by Nuala Ní Chonchúir
is hard to define the twenty-first century short story; it has so many
guises: traditional, flash, experimental, magic realist. There is no
one firm definition that covers all the forms the story now has. It is
even harder to define the surprising short fiction written by Kuzhali
Manickavel – a writer born in Canada who has lived in India since the
age of thirteen. Manickavel’s stories are a mixture of odd, disjointed
flashes, surreal sketches, and more traditionally shaped tales which
possess a rare freshness. She is not afraid of the darker corners of
human experience and she uses a devilish humour which sits well with
the strange goings-on in her work. She says of her own work that her
themes are "isolation, dislocation, magic realism and
stories are typically set in India and involve obscure happenings and
cryptic conversations. In the one-page story Do You Know How to Twist With
Girls Like This?, Mira is slimming and is possibly
anorexic. Her friends "imagine her shaving down her shoulders and
ankles, breaking off what was extra and hiding it in suitcases under
her bed." This sort of observation is typical of Manickavel’s writing:
she revels in the quirky, left-of-field and impossible.
is a writer comfortable with exploring poverty and superstition, and
many of her characters seem to live aimless, drifting existences that
may or may not lead to trouble. In the fable-like story Ezekial Solomon’s Shoe,
Seshadri is haunted by the missing Ezekial whose insect-infested shoe
seems determined to stay and remind Seshadri of the absent man.
Seshadri resists at first but finally quietly embraces the shoe’s
presence as if it is Ezekial himself.
building up of detail to paint a complete picture is extraordinary: she
never chooses the pedestrian image, always the strange and wonderful,
often from nature: "The afternoon settles in the corners like bundles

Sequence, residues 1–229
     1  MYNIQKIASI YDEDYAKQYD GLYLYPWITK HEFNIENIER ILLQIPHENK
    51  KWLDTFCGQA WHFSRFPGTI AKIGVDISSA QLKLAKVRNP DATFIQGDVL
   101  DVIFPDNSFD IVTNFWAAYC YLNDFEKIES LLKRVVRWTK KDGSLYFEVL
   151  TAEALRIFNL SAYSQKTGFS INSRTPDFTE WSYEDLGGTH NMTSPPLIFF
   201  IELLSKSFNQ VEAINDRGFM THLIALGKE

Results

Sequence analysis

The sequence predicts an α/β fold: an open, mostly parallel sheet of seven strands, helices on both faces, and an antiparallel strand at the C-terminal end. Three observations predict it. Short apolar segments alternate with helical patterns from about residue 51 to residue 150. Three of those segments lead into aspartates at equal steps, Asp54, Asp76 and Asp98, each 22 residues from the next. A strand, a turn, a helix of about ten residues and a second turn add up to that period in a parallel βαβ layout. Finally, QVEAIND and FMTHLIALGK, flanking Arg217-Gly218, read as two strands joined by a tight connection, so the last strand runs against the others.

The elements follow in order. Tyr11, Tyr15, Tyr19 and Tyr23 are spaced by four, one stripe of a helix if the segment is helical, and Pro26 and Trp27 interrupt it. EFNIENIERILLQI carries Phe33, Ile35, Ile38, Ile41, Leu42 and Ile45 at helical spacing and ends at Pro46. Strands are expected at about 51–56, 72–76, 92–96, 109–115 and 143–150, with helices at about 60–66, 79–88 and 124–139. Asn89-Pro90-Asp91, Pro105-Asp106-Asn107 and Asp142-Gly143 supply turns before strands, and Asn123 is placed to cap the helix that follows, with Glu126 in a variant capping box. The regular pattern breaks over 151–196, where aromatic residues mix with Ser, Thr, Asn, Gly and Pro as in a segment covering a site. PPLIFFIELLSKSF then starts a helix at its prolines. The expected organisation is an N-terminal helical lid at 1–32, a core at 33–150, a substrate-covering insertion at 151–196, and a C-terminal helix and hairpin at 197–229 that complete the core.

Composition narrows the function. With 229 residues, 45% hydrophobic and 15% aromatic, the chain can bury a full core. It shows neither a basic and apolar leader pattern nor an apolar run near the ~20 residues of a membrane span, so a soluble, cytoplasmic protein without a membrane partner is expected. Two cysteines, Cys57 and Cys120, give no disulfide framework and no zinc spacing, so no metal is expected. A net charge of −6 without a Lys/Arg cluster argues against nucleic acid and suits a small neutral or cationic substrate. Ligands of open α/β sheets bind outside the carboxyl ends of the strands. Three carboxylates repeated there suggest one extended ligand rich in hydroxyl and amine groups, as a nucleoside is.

of thick wool." "…her fists are perched on the table like tiny anxious
birds." "The Entomologist’s smile is a tiny half moon, weak and
incapable of casting any light." She is good, too, on the detail of
Indian food and landscapes; this adds an instant shot of authenticity
and an anchoring of her characters in real, believable places.
book itself is beautifully produced by the Chennai-based publishers
Blaft Publications; the text of the book is decorated with insects and
even the story titles are done in a spidery hand. Blaft hope to publish
South Asian authors exclusively at least for the near future.
Hearteningly, for other writers, they discovered Manickavel’s work
online and offered her a deal. The publishers might consider charging
more for the book than £4.95. It is wonderful value but it is
not in line with the normal cost of a paperback and I think readers
will happily pay more for such an accomplished, attractive
Manickavel is an original, competently carving out a niche for herself
in the short story genre. It is fortunate for the reading public that
Blaft have recognized her unusual and exciting talents, so that we all
might enjoy a trip into her surreal and wonderful worlds.
Read one of the stories
from this collection online in Subtropics.
lives in Galway, Ireland. Her bilingual poetry collection Tattoo:Tatú
(Arlen House, 2007) was shortlisted for the 2008 Strong Award. Her two
short fiction collections were also published by Arlen House. She is
fiction editor for Southword in 2008 and will represent Ireland at the
Tokyo International Poetry Festival in November. She blogs at
Publisher: Blaft Publications
born in Winnipeg, Canada, and moved to Chidambaram, Tamil Nadu, India,
when she was thirteen. She is widely published on the Internet and in
print magazines in the UK, Europe and the USA.
with Kuzhali Manickavel
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